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Catch up on coronavirus stories and special reports, curated by Mike Allen everyday

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Michael Osterholm, director of the Center for Infectious Disease Research and Policy at the University of Minnesota, urged the U.S. on Sunday to vaccinate as many people over 65 as possible ahead of a potential COVID-19 surge caused by the new strain first detected in England.

The big picture: About 1.3 million doses per day are being administered on average, per a New York Times analysis — on track with President Biden's goal to give Americans 100 million doses of the COVID-19 vaccines in 100 days. But the rollout in the states has been rocky.

  • The Biden administration is still trying to find more than 20 million vaccine doses distributed to states, Politico reports. States are relying on county health departments and local officials to arrange inoculations, as the CDC's vaccine administration website reportedly flounders and is not widely used.

What he's saying: "Let me say right now, we do have to call an audible," Osterholm said, referring to the U.S. vaccine distribution plan. "The fact is that the surge that is likely to occur with this new variant from England, is gonna happen in the next 6 to 14 weeks."

  • "And if we see that happen, which my 45 years in the trenches tell us we will, we are going to see something like we have not seen yet in this country. England, for example, is hospitalizing twice as many people as we ever had hospitalized at our highest number."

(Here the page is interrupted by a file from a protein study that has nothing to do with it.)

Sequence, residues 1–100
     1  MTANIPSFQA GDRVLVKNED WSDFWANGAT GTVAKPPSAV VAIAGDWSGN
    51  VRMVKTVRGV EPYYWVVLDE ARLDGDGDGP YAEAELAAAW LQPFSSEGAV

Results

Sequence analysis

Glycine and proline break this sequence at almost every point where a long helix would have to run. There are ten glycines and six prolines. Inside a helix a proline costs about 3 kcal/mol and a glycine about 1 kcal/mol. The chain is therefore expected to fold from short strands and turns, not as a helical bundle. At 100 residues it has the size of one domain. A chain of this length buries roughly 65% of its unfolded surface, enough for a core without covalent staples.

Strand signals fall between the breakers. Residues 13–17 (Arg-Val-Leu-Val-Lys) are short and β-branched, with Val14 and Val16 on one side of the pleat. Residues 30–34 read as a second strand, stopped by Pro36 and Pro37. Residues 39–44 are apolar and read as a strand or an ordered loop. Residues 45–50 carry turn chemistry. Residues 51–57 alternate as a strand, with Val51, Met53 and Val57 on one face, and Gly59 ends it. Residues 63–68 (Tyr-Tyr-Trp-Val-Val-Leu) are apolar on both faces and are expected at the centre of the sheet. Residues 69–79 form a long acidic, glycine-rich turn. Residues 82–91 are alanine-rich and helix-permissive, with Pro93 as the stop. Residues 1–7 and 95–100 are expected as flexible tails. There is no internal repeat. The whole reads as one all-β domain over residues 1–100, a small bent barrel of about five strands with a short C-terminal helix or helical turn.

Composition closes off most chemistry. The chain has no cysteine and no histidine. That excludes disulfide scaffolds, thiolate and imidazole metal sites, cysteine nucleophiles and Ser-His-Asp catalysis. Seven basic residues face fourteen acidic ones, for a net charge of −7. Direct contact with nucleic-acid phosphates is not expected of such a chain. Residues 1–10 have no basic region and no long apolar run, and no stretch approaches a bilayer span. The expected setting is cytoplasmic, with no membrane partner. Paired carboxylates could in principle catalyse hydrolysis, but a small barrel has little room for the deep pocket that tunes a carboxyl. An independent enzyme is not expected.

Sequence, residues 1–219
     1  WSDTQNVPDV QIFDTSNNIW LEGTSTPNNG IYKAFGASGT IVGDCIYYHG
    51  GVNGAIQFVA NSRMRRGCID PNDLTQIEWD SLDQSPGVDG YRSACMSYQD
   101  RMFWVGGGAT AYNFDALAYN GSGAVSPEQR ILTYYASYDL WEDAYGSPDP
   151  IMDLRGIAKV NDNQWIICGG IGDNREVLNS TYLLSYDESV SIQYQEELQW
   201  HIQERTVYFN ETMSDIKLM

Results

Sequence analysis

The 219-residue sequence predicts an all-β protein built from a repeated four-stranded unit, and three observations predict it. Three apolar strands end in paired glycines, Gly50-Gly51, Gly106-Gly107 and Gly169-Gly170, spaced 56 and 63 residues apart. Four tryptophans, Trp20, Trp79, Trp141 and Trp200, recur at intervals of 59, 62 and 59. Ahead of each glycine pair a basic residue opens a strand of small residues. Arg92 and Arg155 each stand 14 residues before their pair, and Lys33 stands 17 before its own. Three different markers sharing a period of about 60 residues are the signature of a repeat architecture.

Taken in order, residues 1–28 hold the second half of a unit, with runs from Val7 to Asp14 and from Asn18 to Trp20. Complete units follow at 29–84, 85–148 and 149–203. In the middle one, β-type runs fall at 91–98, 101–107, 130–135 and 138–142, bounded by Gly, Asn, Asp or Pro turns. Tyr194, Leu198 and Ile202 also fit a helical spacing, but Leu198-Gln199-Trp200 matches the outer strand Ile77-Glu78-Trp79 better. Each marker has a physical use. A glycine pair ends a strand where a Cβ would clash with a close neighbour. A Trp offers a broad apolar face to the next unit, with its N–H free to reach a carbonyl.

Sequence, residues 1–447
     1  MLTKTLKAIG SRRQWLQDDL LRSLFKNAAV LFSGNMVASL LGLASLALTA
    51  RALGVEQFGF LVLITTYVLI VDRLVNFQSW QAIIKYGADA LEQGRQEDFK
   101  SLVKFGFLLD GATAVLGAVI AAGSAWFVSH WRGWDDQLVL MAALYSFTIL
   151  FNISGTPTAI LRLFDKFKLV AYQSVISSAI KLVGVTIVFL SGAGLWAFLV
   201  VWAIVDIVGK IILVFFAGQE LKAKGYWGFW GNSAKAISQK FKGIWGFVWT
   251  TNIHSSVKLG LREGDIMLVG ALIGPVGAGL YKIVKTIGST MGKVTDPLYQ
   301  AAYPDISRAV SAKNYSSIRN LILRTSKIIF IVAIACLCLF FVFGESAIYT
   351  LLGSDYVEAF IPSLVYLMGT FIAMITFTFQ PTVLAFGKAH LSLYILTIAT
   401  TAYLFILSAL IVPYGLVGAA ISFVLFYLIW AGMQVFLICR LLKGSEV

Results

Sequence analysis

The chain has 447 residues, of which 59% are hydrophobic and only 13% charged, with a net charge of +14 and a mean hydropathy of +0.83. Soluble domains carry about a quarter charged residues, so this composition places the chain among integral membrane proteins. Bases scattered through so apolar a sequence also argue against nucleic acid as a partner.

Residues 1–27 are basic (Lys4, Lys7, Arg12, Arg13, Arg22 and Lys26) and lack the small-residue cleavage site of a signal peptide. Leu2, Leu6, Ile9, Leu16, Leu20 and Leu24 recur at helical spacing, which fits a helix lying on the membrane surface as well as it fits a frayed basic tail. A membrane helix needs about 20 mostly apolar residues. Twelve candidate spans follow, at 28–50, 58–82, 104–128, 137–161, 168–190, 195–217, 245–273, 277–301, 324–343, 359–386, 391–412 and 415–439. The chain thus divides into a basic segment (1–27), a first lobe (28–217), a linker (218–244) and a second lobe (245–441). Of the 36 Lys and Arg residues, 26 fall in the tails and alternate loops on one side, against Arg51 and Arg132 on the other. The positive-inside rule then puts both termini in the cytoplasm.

• "So we still want to get two doses in everyone but I think right now in advance of this surge, we need it to get as many one doses in as many people over 65 as we possibly can to reduce serious illness and deaths that are going to occur over the weeks ahead."

Of note: While Osterholm, in line with the CDC, believes the U.K. strain could ultimately become the dominant coronavirus strain in the U.S., he added that the variant "has not shown its ability to evade the protection from the vaccine," although it has shown to be more transmissible.

The bottom line: "I mean, imagine where we're at, Chuck, right now. You and I are sitting on this beach where it's 70 degrees, perfectly blue skies, gentle breeze. But I see that hurricane five, category five or higher, 450 miles offshore," Osterholm said.

Go deeper

Sep 21, 2021 - Health

Biden to get booster shot on camera

Photo: Saul Loeb/ AFP via Getty Images

President Biden will receive his COVID booster shot on camera once it's fully approved for Americans ages 65 and older, the White House said Monday.

Why it matters: A federal advisory panel unanimously voted last week to recommend that the Food and Drugs Administration (FDA) authorize a third dose of Pfizer's vaccine for people over the age of 65 and those at higher risk of infection.

19 hours ago - Health

Fauci: COVID vaccine could be available for children 5–11 in "weeks"

Anthony Fauci. Photo: Stefani Reynolds-Pool/Getty Images

NIAID director Anthony Fauci told CNN Tuesday that children ages 5–11 could be eligible to receive COVID-19 vaccines in the next several weeks.

Why it matters: The start of the school year brought a rise in COVID-19 infections among kids, underscoring questions about when younger children will be able to be inoculated against the virus.

Mike Allen, author of AM
19 hours ago - Health

Manufacturers warn COVID rapid test shortages are coming

At-home COVID-19 test. Photo: Abbott via AP

Manufacturers are warning that the U.S. is, at best, weeks away from the production levels needed for President Biden's plan of mass-scale rapid COVID-19 testing.

The big picture: The U.S. has been far more cautious than places like Britain about embracing rapid, at-home testing, AP notes.

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